London-based generative AI startup Stability AI has responded to a lawsuit filed in Delaware by stock photo company Getty Images over the alleged misuse of copyrighted images.
In February Getty sued Stability for a “brazen infringement” of its intellectual property, stating that it believed the AI company copied more than 12m copyrighted images — and their associated metadata — without permission.
Getty isn’t the only one suing. Stability is also facing a class action lawsuit in California, filed by artists who argue that text-to-image tools misuse copyrighted works.
Stability’s opening brief to the court says that the Delaware court lacks jurisdiction over the company’s UK entity, which it argues is a “necessary and indispensable party” to the case.
The response adds that if “even if Getty could establish personal jurisdiction”, the case should be transferred to the northern district of California, where the other lawsuit against Stability has been filed. Stability says the two cases present “substantially overlapping allegations and legal issues”.
The response — which can be read in more detail here — did not directly address the allegations made by Getty.
Stability’s founder and CEO Emad Mostaque believes that the way in which generative AI technology transforms the material it uses protects it from these claims of misuse.
Speaking to Sifted in January, Mostaque responded to the first class action lawsuit (also over the misuse of copyrighted material), saying he believes that generative AI technology is protected by “fair use”.
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Fair use of copyrighted material, under US law, protects creators who make use of other people’s material if it is “transformative” — generally understood to mean if it changes the nature of that material in some way.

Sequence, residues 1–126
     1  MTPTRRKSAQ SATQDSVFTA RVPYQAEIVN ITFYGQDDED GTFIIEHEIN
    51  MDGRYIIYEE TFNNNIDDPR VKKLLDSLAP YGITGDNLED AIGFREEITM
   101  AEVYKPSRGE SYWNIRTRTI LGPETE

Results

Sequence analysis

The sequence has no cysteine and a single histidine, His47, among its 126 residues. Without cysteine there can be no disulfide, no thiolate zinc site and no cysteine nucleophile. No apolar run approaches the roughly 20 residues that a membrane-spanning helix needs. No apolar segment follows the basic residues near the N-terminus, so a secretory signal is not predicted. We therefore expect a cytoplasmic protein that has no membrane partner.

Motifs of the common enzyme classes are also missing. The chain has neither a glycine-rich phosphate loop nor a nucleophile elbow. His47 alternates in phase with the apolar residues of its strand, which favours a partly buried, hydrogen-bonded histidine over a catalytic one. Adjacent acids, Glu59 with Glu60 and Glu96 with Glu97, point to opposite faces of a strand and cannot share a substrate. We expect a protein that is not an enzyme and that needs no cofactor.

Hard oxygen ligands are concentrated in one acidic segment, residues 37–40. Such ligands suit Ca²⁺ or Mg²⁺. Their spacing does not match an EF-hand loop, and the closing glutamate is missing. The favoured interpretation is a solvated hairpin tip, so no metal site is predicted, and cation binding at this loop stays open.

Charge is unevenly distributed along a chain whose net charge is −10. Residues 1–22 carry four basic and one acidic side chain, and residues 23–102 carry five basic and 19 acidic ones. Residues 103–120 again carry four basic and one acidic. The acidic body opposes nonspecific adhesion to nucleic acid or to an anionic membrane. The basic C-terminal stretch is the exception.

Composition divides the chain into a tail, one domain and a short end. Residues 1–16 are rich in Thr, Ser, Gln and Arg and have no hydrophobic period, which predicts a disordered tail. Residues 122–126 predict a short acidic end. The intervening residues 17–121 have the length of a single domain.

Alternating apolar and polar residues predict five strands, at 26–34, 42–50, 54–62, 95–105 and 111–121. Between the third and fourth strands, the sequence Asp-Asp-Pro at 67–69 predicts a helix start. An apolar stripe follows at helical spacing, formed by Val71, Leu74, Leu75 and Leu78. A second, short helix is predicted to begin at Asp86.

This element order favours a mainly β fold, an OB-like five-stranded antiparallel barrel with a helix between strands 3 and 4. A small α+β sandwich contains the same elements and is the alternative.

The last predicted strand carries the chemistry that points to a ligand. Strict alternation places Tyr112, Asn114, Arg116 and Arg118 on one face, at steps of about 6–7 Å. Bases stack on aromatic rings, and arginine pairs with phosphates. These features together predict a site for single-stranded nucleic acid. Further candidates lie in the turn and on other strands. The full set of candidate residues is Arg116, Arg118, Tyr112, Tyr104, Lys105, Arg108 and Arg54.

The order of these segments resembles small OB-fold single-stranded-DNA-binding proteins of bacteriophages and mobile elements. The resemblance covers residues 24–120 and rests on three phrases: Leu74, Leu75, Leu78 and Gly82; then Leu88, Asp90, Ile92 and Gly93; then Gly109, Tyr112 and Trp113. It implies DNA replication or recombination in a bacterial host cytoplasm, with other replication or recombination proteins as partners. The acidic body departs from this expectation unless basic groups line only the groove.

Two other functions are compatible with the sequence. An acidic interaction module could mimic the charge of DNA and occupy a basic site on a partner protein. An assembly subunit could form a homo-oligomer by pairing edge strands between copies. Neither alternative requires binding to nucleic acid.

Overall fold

How Stability AI uses images
Stability AI helped fund the open source text-to-image AI model Stable Diffusion and commercialises the technology through a product called DreamStudio.
Stable Diffusion is “trained” on a 100TB dataset that contains 2bn images, including Getty-copyrighted photos.
Christoph Schuhmann, the founder of LAION, the German AI non-profit that built the dataset, says that it’s a “research dataset” and companies that want to use it commercially are responsible for any possible copyright infringements.
“[The dataset] can be used by companies at their own risk and responsibility. We write everywhere on our papers, blog posts and dataset distributions that you should clean them and make sure to use them responsibly, so I cannot speak for Stability AI,” he tellsSifted. “I think if you train an AI model on some data you should make some decisions about what to include in the training data and what not to include. You have to take the responsibility.”
One lawyer specialising in AI copyright, who asked to remain anonymous, tells Sifted that the lawsuit between Getty and Stability is likely to take 18 months to conclude.